The problem grew severe enough that Congress stepped in, setting a 2006 deadline for removing a backlog of 130 ships from the national fleet, including about 90 on the James. The rest are based in Beaumont, Texas, and Suisun Bay, Calif.
The U.S. Maritime Administration, which owns the ships, suddenly faced a problem. How could it dispose of such a large number of ships in a few years' time without relying on Third World shipyards?
Although some domestic scrappers dispute the claim, U.S. maritime officials said domestic scrapping yards didn't have the capacity to handle such a large volume of ships. Some help from abroad, they argued, would be required.
Then came an offer from a British company that seemed like a golden opportunity.
Few could dispute the environmental credentials of Able UK Ltd., a demolition and reclamation company based in Billingham, about a 15-minute drive from the coastal town of Hartlepool.
The company boasts a 30-year history of dismantling some of the dirtiest and most contaminated facilities around: power stations, petrochemical plants, oil rigs, cooling towers, gas installations and chimneys.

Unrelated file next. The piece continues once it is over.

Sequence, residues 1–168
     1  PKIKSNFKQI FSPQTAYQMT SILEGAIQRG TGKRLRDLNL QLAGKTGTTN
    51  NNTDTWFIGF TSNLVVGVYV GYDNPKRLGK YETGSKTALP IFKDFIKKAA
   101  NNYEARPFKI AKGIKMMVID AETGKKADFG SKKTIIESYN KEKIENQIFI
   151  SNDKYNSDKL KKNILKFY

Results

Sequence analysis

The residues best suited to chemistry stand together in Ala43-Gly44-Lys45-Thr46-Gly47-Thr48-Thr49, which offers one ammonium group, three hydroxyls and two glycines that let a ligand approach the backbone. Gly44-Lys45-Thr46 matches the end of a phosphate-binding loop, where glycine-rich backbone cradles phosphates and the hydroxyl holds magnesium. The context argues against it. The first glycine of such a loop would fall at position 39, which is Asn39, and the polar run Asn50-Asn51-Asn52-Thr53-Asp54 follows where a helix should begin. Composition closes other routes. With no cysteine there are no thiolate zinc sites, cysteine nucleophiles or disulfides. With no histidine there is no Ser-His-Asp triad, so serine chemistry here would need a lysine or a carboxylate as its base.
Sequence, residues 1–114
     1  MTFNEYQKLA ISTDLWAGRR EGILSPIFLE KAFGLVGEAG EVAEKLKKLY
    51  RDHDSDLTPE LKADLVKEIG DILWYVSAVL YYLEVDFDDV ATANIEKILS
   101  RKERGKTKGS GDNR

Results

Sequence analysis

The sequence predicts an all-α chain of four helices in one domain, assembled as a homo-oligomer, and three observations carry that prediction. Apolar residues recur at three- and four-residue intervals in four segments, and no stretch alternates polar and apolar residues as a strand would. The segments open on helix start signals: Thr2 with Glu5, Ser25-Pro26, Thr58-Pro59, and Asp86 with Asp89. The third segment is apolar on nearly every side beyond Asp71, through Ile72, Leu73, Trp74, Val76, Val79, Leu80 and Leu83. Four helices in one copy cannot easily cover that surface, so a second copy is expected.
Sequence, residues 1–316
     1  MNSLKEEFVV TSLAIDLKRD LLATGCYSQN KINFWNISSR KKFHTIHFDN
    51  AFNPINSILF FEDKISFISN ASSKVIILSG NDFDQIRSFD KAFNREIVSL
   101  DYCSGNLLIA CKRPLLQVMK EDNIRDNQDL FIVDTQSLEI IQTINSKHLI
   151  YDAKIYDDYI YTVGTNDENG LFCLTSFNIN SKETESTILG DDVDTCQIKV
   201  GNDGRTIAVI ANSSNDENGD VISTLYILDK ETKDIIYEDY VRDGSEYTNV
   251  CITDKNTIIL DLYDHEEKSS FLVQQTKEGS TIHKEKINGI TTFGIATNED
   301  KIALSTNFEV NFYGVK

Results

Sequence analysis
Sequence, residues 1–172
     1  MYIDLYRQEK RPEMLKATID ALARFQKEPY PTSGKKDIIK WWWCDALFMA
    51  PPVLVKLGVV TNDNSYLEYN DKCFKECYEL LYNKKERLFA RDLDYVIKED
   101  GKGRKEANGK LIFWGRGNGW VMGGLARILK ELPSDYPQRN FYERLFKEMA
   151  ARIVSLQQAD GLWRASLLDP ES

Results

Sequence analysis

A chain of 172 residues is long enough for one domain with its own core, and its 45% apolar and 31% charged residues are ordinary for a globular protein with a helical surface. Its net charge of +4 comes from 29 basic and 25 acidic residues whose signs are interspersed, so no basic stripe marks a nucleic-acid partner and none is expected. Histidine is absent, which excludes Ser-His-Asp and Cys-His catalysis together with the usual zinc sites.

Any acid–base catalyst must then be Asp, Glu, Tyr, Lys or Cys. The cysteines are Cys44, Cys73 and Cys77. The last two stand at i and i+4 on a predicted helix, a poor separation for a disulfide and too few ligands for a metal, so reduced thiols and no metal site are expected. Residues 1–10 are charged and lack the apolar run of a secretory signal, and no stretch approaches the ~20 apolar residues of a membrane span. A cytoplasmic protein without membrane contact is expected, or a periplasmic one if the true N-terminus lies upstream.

The work included disposing of material contaminated by asbestos, radiation and mercury.
"They have a good reputation," said Morley, the British environment minister. "They've dismantled a lot of offshore oil structures. They're very highly regarded."
But Able UK had no experience with ships when it sought to scrap the James River's ghost fleet last year.
At a time when few others in England could offer such skills, Able UK hoped to get into the ship-breaking business, at least partly because it already owned a 25-acre flooded basin that could be converted into a drydock.
Building the drydock required replacing old metal gates with sturdy new ones that would seal off the basin and keep water out. In 1997, Able UK won a planning permit required to install the new gates in the basin, which sits on the outskirts of Hartlepool but within the city limits.